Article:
I am not advising that you and your spouse should necessarily have your bank accounts during the marriage. If you both are committed to the wedding and have the same goals in mind, it is great to share a bank account for no other reason than it makes you both accountable to one another. If you do something significant with the funds in that account, your spouse will know about it and vice versa.

However, if it becomes necessary for you to file for divorce, you should open up your bank account that your spouse has no access to. You can keep your paychecks there and have some seed money for after the divorce as well. This isn't being overly deceitful or spiteful of your spouse- it's protecting yourself in the present and future from a financial perspective.

Budget and save

These two concepts go hand in hand as far as I'm concerned. If you have never lived on a budget, a divorce is a great time to start. For one, your income will change after the divorce as you transition from most likely a dual income to a sole-income family. Planning the path of each dollar you earn before the start of a month can be empowering to the extent that you control where the money is going.

As you begin to plan for every dollar's purpose, you will likely find leftover money at the end of the month. This extra cash can be saved for retirement or applied to debts you have incurred throughout your life and divorce. This sort of financial planning is not possible unless you budget well and know where your money is going before it gets there.

Questions about planning for a divorce? Contact the Law Office of Bryan Fagan, PLLC

If you are considering a divorce, you also have time to think and be proactive if you have time to worry. Meeting with a licensed family law attorney with the Law Office of Bryan Fagan, PLLC, is the sort of aggressive behavior that you can stand to benefit from. A free-of-charge consultation with one of our attorneys is available six days a week.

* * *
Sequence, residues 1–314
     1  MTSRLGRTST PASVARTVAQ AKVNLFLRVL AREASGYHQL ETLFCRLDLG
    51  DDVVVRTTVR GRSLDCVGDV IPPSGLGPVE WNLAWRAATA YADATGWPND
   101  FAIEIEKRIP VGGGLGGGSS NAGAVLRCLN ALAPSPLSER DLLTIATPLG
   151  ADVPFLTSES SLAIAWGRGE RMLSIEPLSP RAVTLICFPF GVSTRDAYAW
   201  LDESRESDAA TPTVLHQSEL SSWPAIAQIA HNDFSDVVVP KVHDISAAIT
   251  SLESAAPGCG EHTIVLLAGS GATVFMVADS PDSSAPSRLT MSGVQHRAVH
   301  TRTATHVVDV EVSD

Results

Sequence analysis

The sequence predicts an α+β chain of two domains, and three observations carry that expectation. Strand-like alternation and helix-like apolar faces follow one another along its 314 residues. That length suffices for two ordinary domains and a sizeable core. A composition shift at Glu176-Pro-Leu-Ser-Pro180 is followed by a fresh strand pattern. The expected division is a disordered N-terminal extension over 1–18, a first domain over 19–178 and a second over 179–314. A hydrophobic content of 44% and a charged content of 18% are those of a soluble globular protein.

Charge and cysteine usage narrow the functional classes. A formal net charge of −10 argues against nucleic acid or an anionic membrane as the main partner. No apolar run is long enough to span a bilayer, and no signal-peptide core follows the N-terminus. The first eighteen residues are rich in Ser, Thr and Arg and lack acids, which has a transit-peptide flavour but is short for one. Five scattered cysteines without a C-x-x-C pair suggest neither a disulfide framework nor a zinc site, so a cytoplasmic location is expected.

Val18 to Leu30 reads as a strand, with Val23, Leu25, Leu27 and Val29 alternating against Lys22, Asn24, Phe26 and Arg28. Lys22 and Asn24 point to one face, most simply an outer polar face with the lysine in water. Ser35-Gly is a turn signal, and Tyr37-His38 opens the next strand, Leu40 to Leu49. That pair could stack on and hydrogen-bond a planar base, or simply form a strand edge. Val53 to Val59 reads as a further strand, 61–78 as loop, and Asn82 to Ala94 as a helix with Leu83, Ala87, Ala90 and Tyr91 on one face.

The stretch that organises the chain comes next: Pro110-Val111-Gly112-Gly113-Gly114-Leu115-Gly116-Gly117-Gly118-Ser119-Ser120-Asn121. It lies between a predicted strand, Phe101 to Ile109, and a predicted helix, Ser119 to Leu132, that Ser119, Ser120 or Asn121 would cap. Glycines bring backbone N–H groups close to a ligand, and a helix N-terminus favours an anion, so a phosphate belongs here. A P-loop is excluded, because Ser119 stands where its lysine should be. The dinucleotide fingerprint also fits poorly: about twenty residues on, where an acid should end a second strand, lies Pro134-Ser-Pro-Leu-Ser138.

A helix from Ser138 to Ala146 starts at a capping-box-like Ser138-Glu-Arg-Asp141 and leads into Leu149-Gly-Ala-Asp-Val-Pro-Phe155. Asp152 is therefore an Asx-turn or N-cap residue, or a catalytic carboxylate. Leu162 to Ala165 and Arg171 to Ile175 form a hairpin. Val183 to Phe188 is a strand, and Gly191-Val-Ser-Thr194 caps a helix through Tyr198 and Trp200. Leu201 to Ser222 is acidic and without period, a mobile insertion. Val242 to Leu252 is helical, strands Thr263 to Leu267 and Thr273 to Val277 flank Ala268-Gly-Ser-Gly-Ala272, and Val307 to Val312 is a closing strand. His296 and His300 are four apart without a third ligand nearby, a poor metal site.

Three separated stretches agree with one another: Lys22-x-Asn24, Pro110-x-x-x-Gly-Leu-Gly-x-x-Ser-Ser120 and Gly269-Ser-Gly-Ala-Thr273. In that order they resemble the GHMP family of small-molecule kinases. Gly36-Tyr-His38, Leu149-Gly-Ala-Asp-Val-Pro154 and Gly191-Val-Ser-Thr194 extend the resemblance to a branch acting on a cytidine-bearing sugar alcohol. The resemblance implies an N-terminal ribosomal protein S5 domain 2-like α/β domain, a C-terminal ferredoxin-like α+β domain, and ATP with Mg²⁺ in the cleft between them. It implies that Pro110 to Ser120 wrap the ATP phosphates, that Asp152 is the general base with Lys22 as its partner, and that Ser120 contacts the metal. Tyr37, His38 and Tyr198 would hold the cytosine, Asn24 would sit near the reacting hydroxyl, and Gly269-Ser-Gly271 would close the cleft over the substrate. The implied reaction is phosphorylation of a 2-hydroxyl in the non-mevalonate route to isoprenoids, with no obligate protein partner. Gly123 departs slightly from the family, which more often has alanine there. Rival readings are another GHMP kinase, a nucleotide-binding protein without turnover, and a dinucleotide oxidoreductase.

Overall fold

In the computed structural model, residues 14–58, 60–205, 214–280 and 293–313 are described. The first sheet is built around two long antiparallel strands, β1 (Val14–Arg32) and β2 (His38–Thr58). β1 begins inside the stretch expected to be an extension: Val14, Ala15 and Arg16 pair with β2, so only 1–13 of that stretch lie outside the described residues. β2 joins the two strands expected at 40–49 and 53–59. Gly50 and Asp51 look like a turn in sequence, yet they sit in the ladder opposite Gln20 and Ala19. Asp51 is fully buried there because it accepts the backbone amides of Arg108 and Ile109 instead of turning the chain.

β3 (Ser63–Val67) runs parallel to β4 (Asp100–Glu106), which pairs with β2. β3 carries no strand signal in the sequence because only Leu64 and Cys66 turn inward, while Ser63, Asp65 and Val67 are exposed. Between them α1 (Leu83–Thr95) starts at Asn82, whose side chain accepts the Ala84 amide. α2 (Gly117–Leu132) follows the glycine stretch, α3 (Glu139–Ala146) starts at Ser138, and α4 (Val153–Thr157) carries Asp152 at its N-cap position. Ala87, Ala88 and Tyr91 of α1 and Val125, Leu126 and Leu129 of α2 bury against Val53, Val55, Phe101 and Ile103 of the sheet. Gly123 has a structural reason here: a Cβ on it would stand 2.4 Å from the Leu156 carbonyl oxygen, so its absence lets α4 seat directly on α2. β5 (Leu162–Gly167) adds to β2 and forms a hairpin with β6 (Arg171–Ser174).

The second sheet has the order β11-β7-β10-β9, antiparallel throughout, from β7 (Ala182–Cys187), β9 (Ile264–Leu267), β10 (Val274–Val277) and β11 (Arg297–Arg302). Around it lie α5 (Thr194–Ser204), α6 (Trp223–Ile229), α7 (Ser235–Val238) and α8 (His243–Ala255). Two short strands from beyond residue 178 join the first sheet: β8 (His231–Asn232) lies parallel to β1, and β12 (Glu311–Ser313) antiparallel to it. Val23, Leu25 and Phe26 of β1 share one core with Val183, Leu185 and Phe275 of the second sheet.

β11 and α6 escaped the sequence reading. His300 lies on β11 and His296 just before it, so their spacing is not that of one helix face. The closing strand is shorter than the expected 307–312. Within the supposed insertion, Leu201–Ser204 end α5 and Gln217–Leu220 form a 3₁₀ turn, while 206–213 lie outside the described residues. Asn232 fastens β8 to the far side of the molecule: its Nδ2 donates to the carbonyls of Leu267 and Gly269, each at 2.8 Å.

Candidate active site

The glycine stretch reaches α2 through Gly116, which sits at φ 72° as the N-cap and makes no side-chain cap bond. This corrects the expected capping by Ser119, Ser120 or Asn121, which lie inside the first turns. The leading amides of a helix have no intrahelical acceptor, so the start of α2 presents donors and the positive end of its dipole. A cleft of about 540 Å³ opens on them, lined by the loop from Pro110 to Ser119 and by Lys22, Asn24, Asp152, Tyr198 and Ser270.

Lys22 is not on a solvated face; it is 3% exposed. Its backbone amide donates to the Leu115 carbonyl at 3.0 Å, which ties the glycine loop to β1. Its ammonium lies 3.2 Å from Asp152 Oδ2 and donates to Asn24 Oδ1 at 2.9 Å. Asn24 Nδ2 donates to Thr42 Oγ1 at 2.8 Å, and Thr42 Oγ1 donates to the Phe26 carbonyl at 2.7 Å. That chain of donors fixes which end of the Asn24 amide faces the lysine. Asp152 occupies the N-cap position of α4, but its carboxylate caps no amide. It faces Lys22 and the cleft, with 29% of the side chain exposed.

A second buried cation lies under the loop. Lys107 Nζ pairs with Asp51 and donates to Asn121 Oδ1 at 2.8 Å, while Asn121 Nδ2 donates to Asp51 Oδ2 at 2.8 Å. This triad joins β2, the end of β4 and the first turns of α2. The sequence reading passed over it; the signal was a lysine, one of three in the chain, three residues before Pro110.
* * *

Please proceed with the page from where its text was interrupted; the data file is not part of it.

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Adobe Stock 62844981[2]If you want to know more about what you can do, CLICK the button below to get your FREE E-book: "16 Steps to Help You Plan & Prepare for Your Texas Divorce"

Divorce Wasting Assets[4] If you want to know more about how to prepare, CLICK the button below to get your FREE E-book: "13 Dirty Tricks to Watch Out For in Your Texas Divorce, and How to Counter Them" Today!"

Financial Checklist[3] Get this FREE download about what you need to know before filing for divorce.

Other Articles you may be interested in:

  1. 16 Steps to help you Plan and Prepare for your Texas Divorce
  2. Frequently Asked Questions Regarding Void Marriage in Texas
  3. 12 Texas Custody & Conservatorship Battle Tips
  4. 8 Tips for Reducing the Cost of a Divorce in Texas
  5. 6 Tips for Getting a Free Divorce Consultation
  6. 6 Tips - On How to prepare for a Texas Divorce
  7. 3 Tips on Things You Shouldn't Do in a Texas Divorce
  8. 15 Quick Tips Regarding Filing for Divorce in Texas
  9. 6 Tips - On How to prepare for a Texas Divorce
  10. Roadmap of Basic Divorce Procedure in Texas
  11. Child Custody Basics in Texas
  12. 6 Mistakes that can Destroy Your Texas Divorce Case

Law Office of Bryan Fagan, PLLC | Houston, Texas Divorce Lawyers

The Law Office of Bryan Fagan, PLLC, routinely handles matters that affect children and families. If you have questions regarding divorce, it's essential to speak with one of our Houston, TX, Divorce Lawyers right away to protect your rights.

Our divorce lawyers in Houston, TX, are skilled at listening to your goals during this trying process and developing a strategy to meet those goals. Contact the Law Office of Bryan Fagan, PLLC by calling (281) 810-9760 or submit your contact information in our online form. The Law Office of Bryan Fagan, PLLC, handles Divorce cases in Houston, Texas, Cypress, Klein, Humble, Kingwood, Tomball, The Woodlands, Houston, the FM 1960 area, or surrounding areas, including Harris County, Montgomery County, Liberty County, Chambers County, Galveston County, Brazoria County, Fort Bend County, and Waller County.